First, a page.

Parallel Line Calculator
If you're scratching your head while trying to figure out some parallel line equations, stop worrying: this parallel line calculator is precisely the tool you need. In just a few seconds, it will determine the equation of a line that is parallel to a given line and passes through a given point. That's not all, though; our calculator can also determine the distance between the two lines.
Read on to discover how to find the slope of a parallel line or what a yintercept is.
🙋 Are you interested in other calculators like this? Check out our perpendicular line calculator!
How to find the slope of a parallel line?
Every straight line in a twodimensional space can be described by a simple line equation:
where a and b are coefficients, x is the xcoordinate, and y is the ycoordinate. Every line is uniquely defined if the values of a and b are known.
Let's assume that you know the following information:
 The equation of the given line is y = mx + r. You know the values of m and r and are looking for a line parallel to this one.
 You also know the coordinates of the point your line is supposed to pass through. They are x₀ and y₀.
The slope of any line is equal to the value of a coefficient. If two lines are parallel, then they must have the same slope. From this, we can deduce that.
a = m
We also recommend checking our average rate of change calculator.
💡 To calculate the slope of any line, use our slope calculator.
Parallel line equation
Once you know the a coefficient of the line, all that is left to do is determine the b coefficient (also known as the yintercept).
The method is straightforward: you have to substitute the coordinates (x₀, y₀) and the value of a into the equation of your line.
Finding the distance between two parallel lines
Now that you know the equation of your new line, you can easily use it to determine the distance between it and the first line. In this case, the distance is defined as the length of the shortest possible segment that would join the two lines together.
Our parallel line calculator finds this distance automatically. If, however, you would like to check whether the result is correct, you can use the distance formula:
Parallel line calculations: an example
If you're still not sure how to find the equation of a parallel line, take a look at the example below!

Write down the equation of the first line. Let's say it's:
y = 3x  5

Write down the coordinates of the given point P that the second line will pass through. Let's assume it is (1,6). In other words, x₀ = 1 and y₀ = 6.

Write down the equation of your new line: y = ax + b. You will try to determine the values of coefficients a and b.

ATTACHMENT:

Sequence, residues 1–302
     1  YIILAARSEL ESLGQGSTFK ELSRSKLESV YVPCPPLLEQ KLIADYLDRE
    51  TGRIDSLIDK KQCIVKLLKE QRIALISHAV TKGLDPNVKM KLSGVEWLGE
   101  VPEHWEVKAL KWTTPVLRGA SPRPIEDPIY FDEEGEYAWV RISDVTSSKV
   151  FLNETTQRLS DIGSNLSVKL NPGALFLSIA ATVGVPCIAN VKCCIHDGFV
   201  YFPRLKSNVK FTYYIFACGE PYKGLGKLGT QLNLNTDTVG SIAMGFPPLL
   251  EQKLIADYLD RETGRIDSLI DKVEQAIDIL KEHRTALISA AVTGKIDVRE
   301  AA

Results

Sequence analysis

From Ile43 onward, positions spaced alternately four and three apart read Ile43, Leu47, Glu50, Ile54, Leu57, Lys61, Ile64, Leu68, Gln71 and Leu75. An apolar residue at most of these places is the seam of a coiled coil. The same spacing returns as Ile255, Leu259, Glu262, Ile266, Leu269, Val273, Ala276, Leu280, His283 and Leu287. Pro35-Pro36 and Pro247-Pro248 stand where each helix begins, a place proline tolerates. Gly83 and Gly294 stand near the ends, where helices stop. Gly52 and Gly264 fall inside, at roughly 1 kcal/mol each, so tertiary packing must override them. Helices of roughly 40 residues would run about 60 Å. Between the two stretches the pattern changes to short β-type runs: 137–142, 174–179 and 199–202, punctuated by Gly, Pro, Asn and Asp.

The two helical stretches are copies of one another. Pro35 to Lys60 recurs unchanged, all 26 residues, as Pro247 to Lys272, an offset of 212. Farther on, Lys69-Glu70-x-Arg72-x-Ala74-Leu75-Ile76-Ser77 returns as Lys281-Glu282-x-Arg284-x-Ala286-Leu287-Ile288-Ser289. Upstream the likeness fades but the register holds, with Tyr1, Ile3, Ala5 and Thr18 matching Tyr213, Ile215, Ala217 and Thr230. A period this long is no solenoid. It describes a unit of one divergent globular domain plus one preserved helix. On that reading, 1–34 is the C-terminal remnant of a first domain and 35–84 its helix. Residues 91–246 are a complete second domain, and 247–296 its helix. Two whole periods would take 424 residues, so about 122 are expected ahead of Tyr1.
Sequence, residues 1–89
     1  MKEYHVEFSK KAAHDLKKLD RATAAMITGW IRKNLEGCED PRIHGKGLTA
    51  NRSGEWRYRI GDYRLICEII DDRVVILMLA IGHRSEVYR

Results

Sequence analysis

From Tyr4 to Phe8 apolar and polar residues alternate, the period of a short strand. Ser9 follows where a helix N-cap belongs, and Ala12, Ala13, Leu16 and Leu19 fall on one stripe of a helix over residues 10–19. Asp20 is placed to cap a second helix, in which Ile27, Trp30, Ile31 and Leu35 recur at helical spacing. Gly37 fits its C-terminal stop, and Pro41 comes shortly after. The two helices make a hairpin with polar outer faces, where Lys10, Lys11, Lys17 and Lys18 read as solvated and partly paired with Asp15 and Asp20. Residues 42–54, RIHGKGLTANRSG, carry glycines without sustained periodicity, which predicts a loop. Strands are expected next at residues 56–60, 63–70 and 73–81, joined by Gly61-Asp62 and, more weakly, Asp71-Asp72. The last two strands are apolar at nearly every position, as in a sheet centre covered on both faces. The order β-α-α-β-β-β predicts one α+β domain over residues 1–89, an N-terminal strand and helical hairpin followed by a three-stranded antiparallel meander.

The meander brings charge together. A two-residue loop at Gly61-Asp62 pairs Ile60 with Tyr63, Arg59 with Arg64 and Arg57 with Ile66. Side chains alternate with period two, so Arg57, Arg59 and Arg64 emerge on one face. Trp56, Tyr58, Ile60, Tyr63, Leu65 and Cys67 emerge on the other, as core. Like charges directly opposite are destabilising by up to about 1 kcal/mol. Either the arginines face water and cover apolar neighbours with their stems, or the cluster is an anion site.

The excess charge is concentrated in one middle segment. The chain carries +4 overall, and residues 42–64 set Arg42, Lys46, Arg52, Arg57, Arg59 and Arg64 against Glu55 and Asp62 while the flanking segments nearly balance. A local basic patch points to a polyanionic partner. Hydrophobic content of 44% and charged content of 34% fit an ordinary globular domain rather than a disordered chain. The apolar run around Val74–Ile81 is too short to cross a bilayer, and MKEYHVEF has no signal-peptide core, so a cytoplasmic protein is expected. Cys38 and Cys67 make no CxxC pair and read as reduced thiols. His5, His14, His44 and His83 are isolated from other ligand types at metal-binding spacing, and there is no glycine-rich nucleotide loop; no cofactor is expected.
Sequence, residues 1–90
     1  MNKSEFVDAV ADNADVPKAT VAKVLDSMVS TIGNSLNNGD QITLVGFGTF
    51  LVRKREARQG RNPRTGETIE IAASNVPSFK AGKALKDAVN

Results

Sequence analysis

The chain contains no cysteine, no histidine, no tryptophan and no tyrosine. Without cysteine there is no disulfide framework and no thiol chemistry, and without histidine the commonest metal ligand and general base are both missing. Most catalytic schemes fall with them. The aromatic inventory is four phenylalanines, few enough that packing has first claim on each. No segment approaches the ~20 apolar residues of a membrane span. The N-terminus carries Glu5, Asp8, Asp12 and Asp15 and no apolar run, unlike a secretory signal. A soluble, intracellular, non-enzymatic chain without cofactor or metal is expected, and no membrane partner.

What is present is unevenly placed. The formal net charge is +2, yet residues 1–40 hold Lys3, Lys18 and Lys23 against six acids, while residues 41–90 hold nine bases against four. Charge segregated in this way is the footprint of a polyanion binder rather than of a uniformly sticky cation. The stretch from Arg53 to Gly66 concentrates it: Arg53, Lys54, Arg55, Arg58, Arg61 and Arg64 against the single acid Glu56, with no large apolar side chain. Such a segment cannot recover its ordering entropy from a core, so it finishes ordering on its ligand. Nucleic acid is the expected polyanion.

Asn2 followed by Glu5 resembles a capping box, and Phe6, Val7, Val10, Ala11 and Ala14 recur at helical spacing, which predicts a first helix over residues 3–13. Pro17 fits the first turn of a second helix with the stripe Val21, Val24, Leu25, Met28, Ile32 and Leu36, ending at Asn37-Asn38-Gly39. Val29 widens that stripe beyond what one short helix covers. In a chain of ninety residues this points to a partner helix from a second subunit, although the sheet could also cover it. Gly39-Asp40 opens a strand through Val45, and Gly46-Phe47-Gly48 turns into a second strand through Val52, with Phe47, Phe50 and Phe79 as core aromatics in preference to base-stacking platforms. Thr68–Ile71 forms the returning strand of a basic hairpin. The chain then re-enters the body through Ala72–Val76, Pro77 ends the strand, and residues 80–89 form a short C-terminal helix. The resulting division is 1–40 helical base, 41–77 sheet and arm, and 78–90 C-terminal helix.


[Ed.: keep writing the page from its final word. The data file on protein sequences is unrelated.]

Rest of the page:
Coefficient a is equal to m. Hence,
a = m = 3.

Plug the coordinates of point P into the equation of your new line to determine b:
y₀ = ax₀ + b
6 = 3 × 1 + b
b = 6  3 × 1 = 3

Knowing the values of the slope and yintercept, you can now write down the full equation of the new line: y = 3x + 3.

You can also calculate the distance between the two lines:
D = b  r / √(m² + 1)
D = 3  6 / √(3² + 1) = 3 / √(10) = 2.53
The distance between the two lines is equal to 2.53.
FAQ
How do I calculate the distance between two parallel lines?
To find the distance between two parallel lines in the Cartesian plane, follow these easy steps:
 Find the equation of the first line:
y = m1 × x + c1
.  Find the equation of the second line
y = m2 × x + c2
.  Calculate the difference between the intercepts:
(c2 − c1)
.  Divide this result by the following quantity:
sqrt(m² − 1)
:
d = (c2 − c1) / √(m² − 1)
This is the distance between the two parallel lines.
How do I identify two parallel lines on the Cartesian plane?
Two parallel lines on the Cartesian plane have the same angular coefficient. Knowing this, you can exclude the trivial case where the intercept is the same (the two lines coincide).
It's harder to define parallelism in three dimensions: two lines can be nonparallel yet never intersect!
How do I find the parallel line passing through a point?
The parallel to the line y = m × x + b
passing through the point (p, q)
can be found with the following steps:
 Find the slope of the parallel line — it's
m
!  Find the intercept of the parallel line's equation substituting the coordinates of the point in the original line's equation:
q = m × p + b
Hence:
b = q / (m × p)
What are some examples of parallel lines?
The sides of a road are an excellent example of parallel lines: before an intersection, the two sides never meet! Other examples are the parallels (but not the meridians!) on a globe: those are threedimensional parallel lines. You can find parallel lines on many human creations, but rarely in nature: with a keen eye, you can see them in some geological formations and for brief lengths in trees and other plants.